Frederick L. Seeley ran his business from No. 67 at the same time, a “licensed keeper of intelligence offices.”
Three years later, in 1860, things continued to go downhill for the once-proud mansion which was still owned by the Schermerhorn family. Herman H. Stollmeyer ran an “emigrant boarding house” and when German immigrant John Rutman arrived from Bremen on July 16, Stollmeyer hatched a scheme.
He managed to get the new arrival drunk on his first night in the boarding house, then convinced him to take an interest in the business. Rutman agreed and gave Stollmeyer $100 in cash and a note for $50 payable in sixty days. The following evening Mrs. Stollmeyer, an attractive young woman, requested the German to escort her on a stroll.
Herman Stollmeyer then “discovered” the two, flew into a rage and “thrust him from the house,” according to The Times, canceling the business deal. The immigrant was not so naïve, however, and before long Stollmeyer was arrested for conspiracy to defraud.
Stollmeyer’s problems did not end there. The same year the Sanitary Police, saying that the property “required cleansing,” gave him three days to clean up the premises. Otherwise it would be cleaned at public expense, “the cost to be a lien on the property until paid.”
In 1869 Trinity Place (Lumber Street had been renamed in 1843) was widened and the house lost the outbuildings and most of the rear yard. In the meantime, the Greenwich Street Elevated railroad had been built in 1868. Before long a second elevated train would be running behind the house as well. The neighborhood declined even more.
The New York Times noted on April 9, 1871 that “For several years past the lower half of the City has been infested with basement houses of prostitution of the lowest character.” Among these was No. 67 Greenwich Street. On April 8 detectives and police simultaneously raided 29 disorderly houses. “From these places thirty men and ninety-two women and girls, of the most degraded and homely description, were taken into custody, but the male proprietors of the places, by some strange mischance, were nearly all absent at the time of the raid, and so escape arrest.”
Although he slipped through the fingers of police, a warrant was issued for Charles Iker, the proprietor of the vile den at No. 67.
A year later Edmond H. Schermerhorn commissioned architect Detlef Lienau to remodel the house. He removed the pitched roof which most likely had dormers; raising the fourth floor to a full story. The original splayed lintels on the second and third floors were replaced with plain stone lintels and he added a modern pedimented hood above the entrance door. The renovations cost Schermerhorn $10,000.
As the century progressed, however, the make-up of the tenants improved. Mary A. Hendricks, an elementary school teachers was here in 1875 and Fitzhue Smith, a bail bondsman, lived here in 1895. The 1890 census listed fifty-seven residents in No. 67—all of them Irish.
In 1900 A. McRoberts obtained permission from the city “to maintain a wagon for the sale of milk, milk shakes, etc., in Printing House Square, at a point near the Franklin Statue…on the condition that no horse shall be attached to the wagon…and that the street shall be kept free from dirt and refuse from the same.”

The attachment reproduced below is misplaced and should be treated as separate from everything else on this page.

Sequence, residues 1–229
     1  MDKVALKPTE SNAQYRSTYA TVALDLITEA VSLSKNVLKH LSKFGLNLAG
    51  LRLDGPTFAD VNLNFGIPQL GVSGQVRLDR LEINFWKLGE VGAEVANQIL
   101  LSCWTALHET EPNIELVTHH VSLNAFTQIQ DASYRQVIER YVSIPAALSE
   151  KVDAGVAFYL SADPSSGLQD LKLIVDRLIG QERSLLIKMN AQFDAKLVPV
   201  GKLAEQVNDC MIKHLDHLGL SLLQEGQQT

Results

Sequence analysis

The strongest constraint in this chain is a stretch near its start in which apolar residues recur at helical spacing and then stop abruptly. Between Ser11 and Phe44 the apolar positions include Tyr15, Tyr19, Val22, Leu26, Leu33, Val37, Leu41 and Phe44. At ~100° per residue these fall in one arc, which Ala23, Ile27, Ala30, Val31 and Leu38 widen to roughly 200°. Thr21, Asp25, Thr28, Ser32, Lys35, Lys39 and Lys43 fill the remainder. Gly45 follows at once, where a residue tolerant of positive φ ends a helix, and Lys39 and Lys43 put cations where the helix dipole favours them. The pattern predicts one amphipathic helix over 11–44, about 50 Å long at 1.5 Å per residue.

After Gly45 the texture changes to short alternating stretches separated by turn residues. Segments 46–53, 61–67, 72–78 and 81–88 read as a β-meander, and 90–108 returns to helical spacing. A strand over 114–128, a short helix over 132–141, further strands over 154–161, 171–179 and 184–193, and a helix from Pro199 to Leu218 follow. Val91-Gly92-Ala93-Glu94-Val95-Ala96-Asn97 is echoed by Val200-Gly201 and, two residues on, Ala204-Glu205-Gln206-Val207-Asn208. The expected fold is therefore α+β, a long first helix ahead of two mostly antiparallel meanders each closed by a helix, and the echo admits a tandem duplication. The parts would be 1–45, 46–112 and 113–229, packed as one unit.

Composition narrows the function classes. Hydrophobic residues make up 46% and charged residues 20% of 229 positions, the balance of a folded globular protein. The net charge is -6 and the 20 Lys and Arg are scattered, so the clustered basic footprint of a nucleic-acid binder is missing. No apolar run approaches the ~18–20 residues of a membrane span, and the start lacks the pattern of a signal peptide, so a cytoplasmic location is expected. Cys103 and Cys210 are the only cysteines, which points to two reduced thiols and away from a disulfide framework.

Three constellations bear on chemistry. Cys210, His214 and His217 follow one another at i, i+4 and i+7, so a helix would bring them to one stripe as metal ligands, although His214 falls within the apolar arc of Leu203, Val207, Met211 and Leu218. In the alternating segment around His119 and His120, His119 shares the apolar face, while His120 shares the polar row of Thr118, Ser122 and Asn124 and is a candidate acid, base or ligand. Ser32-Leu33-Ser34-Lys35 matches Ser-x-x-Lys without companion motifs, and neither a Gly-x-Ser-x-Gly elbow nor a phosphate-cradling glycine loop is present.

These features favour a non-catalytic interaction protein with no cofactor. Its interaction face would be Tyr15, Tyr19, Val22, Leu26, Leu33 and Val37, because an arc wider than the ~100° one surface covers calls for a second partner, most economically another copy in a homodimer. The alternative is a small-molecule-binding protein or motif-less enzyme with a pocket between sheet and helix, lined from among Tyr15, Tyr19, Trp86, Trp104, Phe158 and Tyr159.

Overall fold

Nineteen-year old Leslie Garcia was working as a clerk in the ground floor business here in 1902 when she got involved in an arson-burglary scheme. A 74-year old second-hand book dealer, Andrew M. Copeland, convinced a group of youngsters to set fire to Public School No. 67 during school hours. When the children and teachers all filed out of the building, the youths hurriedly gathered up books and small valuables, like one teacher’s gold watch and chain valued at $60. They were able to make off with $700 worth of Latin and Greek “grammars.”
Hugh Brosman, a laborer, brought more positive publicity to No. 67 Greenwich Street when he lived here on January 17, 1909. On that day a young manicurist, Albertine Dequer, was walking along the icy edge of the river in Battery Park. Suddenly she was in the frigid water.
Private F. H. Crane of the Signal Corps was on the second deck of the Bedlow’s Island steamer Herman Caswell speaking to the captain when he heard shouts. He plunged into the river but, according to The New York Tribune, “the woman became frightened and struggled with the soldier, and for a few minutes it looked as if both would sink.”
But Hugh Brosman had also dived into the river and managed to help Crane pull the girl to the seawall. Four firemen from the fireboat fleet dragged the three to the top of the wall.
For several years around this time builder Charles Parkinson ran his business from here. The esteemed contractor was responsible for major Manhattan structures including the Potter Building, the New York Stock Exchange and 41 Park Row.
After owning the house for nearly a century, the Schermerhorn family sold it as part of “the Carpenter estate” in October, 1919 to Rose A. McGuigan. McGuigan’s family and partners would retain the property until 1960.
The long-term ownership nearly did not happen, however. In 1920 The New York Tribune reported that Rose McGuigman had filed plans for renovating the buildings at Nos. 65 and 67 Greenwich Street “into a six-story office building, with stores” at a cost of $25,000. The newspaper named C. B. Meyers as architect.
|The Robert Dickey House is the last surviving Federal style building with a bowed rear facade -- photo by Alice Lum|
For some reason the transformation was never done. In 1922 McGuigman did, however, add a one-story commercial addition to the building facing Trinity Place, designed by architects Zipkes, Wolff & Kudroff.
In 1940 the city began preparations for the mammoth construction project, the Brooklyn-Battery Tunnel. Dozens of the still-surviving Federal houses like No. 67 were demolished, many of them very similar, including the bowed rear façade. One by one they fell until only No. 67, miraculously, remained.
|In 1965 the bowed rear facade rises above the Trinity Place extension--home to a cigar store and 5-and-10-cent shop -- photo Library of Congress|
Today the Robert Dickey house is all that remains of the once elegant and fashionable residential district of Greenwich Street. It is one of only seven houses built before 1810 south of Chambers Street and is the last remaining Federal house with a bowed façade.
|photo by Alice Lum|